Additionally, Head of School Thomas Hagerman said, “Our faculty and staff, like the rest of the world, have been impacted. Some of the direct impacts include the death of loved ones, concern and fear for friends and family members in the region, and concerns about local reactions and impacts.”

“[Antisemitism] has affected me personally in the way that I’m more aware that I’m a Jew,” Upper School history teacher Debbie Linder said. “It makes me more aware of potentially being vulnerable. And I don’t wear my Judaism on my sleeve, so I have that privilege.”

Upper School history teacher Matt June reflected on the connections between these current events and the content he teaches in Nazi Mind. “The long history of antisemitic and anti-Jewish hate that led to the Holocaust has certainly not gone away,” he said. “And the same conditions that fuel that hate—the othering, dehumanization, and narrowing of our universes of obligation—are equally driving the current crisis. In fact, one of the first sources we study is ‘The Danger of a Single Story.’ It seems this current crisis and the public’s response, in so many ways, also reflects those dangers.”

However, many Latin students don’t feel that the school has done enough to acknowledge and properly educate the community about this complex war and its history.

“[There] has also been subconscious antisemitic behavior,” Elsie said. “Teachers that pretend nothing is happening and don’t see that Jewish students are affected, people who default to believing propaganda without verifying any facts, or those who blindly repost things on the internet without looking at sourcing or even clicking on the account to see if the information is true. Although the intention is not to hurt us, that is the outcome.”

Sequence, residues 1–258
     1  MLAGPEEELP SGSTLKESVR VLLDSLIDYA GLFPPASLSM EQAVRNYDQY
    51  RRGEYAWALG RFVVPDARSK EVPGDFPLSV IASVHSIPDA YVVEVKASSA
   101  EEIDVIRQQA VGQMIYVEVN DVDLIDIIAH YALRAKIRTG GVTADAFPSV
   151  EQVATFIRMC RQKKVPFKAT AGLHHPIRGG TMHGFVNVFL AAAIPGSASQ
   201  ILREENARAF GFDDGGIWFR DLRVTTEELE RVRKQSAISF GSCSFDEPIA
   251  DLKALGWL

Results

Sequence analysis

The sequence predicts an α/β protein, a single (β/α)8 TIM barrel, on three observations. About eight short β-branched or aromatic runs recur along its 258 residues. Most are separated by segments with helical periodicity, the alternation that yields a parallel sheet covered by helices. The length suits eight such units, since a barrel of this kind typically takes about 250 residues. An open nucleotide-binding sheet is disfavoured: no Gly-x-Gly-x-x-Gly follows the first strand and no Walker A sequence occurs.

Elana agreed that education is a powerful way to combat ignorance. “Just taking a little bit of time out of one class period to explain the simple facts of this war can go so far. As of right now, so many kids are finding their information on social media, and that should not be the case.”

Junior Mel Butler, a non-Jewish student, agreed. “I think there hasn’t really been any education about this conflict, at least in my experience,” she said. “I find it rather disappointing since this is affecting our school population on both sides. I think that if there were objective resources sent out to inform the student body, it would save a lot of disinformation from circulating.”

However, education about a topic as complex as this is not always that simple for the Latin faculty. “If you’re teaching truth,” Ms. Linder said, “you shouldn’t have to worry about what you’re teaching. But you have to be sensitive to how people are feeling. And regardless of what your opinions are, you have to be sensitive to knowing that people have feelings and they hurt depending on what you say.”

Jewish students are battling their anxiety as they live their daily lives at school. “At the beginning of the war, it was hard for me to do my best work both at school and at home because so many of my thoughts and so much of my time were consumed by learning and thinking about those people in Israel who are being so badly hurt,” Elana said.

Junior Emily Goodman echoed Elana’s sentiments. “The war in Israel and Gaza has made it difficult for me to focus because my thoughts are with the many people who are suffering,” she said.

While ties to Israel remain stronger than ever for many Jewish students, so does their fear. “I am fortunate enough to not have lost anyone as a result of the war, but I have close friends in Israel who are at risk, and I know many people who have friends or family who have died,” Elsie said. “As a Jewish person, you are only ever one degree away from knowing someone who died in this war. I worry constantly about the people I know who are in Israel living in at-risk areas, and if I am not texting with them, I am anxiously checking their Instagram status just to be sure they are all still alive.”

This story was originally published on The Forum on November 15, 2023.